Jurgen Klopp needed just four months to draw an important conclusion about the conventional wisdom of European soccer: It’s less true than most tend to believe.

In an interview published Wednesday in German newspaper Bild, Klopp balked at the long-held notion that soccer is faster in England than it is in Germany. Klopp said weather conditions in England force teams to play differently than they do in Germany, but players in Britain don’t necessarily run or move the ball faster than those in Germany, as many think.

“The English game is not faster than the German game,” Klopp told Bild, according to Sky Sports. “Perhaps there are a few more sprints. But there is a different style of football here, partially due to the weather.

“The wind can be quite extreme in England. We are not familiar with that in Germany, and you have to keep things simple.

Klopp might have been aware of perceived differences between German and English soccer when Liverpool hired him as manager in early October, but his experiences over his first four months in charge at Anfield have forced him to streamline his attacking philosophy — regardless of whether he wanted or intended to do so.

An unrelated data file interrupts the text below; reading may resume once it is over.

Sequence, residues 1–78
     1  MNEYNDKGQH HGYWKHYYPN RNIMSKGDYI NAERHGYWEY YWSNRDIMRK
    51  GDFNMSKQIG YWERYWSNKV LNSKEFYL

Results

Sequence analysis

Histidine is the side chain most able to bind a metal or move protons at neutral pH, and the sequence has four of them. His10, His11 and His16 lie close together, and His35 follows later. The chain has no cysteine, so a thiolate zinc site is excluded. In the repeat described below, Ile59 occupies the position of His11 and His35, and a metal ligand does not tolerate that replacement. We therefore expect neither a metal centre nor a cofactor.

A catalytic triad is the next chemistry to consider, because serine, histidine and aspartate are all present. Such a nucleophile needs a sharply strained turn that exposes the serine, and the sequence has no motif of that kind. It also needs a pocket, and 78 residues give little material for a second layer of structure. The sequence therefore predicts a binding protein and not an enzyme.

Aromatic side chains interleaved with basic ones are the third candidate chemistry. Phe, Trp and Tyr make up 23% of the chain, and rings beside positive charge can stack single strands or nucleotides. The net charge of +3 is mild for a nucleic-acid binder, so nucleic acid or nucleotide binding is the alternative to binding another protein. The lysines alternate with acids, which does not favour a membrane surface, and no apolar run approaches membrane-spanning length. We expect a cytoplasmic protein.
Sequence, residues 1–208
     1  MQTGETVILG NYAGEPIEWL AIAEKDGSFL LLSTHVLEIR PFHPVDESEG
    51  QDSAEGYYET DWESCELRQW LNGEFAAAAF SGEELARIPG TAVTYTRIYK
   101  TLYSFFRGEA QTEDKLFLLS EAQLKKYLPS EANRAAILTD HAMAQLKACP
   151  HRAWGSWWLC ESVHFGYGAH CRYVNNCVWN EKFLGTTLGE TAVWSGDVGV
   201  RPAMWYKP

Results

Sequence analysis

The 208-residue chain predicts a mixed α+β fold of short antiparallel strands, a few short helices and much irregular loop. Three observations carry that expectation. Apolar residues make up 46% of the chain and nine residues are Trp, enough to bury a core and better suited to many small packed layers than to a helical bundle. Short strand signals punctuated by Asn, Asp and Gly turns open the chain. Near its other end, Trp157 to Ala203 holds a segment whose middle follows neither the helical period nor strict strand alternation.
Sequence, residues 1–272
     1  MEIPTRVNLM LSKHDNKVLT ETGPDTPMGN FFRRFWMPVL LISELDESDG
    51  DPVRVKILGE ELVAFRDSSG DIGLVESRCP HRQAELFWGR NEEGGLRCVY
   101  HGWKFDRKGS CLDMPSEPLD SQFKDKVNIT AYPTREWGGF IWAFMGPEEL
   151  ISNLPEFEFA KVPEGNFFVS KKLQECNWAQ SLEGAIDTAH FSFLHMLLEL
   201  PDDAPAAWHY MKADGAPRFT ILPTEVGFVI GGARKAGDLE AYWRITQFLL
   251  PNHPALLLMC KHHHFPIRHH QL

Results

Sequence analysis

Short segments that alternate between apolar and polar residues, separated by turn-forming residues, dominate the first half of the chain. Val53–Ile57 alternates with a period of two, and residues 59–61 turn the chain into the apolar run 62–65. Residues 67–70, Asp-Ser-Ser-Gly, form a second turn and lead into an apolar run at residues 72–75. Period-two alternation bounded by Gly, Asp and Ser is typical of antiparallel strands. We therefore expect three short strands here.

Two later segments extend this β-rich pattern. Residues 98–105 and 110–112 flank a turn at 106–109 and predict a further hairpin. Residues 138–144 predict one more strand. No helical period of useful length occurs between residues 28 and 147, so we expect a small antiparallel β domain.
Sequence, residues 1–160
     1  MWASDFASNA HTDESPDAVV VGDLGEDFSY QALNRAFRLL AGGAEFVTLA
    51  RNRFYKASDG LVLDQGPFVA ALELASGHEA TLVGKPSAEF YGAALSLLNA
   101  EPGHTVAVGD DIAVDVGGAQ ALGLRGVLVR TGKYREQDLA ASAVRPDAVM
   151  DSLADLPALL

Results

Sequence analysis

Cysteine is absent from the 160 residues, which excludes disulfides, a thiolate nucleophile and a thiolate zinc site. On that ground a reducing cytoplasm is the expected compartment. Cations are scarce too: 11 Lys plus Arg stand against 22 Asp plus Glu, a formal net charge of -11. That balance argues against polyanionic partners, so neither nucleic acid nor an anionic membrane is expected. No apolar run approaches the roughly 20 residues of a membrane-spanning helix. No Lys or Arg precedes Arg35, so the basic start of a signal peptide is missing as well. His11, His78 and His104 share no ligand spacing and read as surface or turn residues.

“… Players who are not from the UK have to get used to the winds,” Klopp continued. “I have to adapt my style as a result as well.

“Often, you are forced to keep things simple. And there are a lot more duels for the second ball here, and more duels in general. That makes the game even more intense.”

Klopp previously has characterized his ideal playing style as “emotional.” He’ll have to walk down many roads in search of a more perfect playing style at Liverpool, and the end to his quest probably will be blowin’ in the English wind.

Thumbnail photo via Twitter/@SkyFootball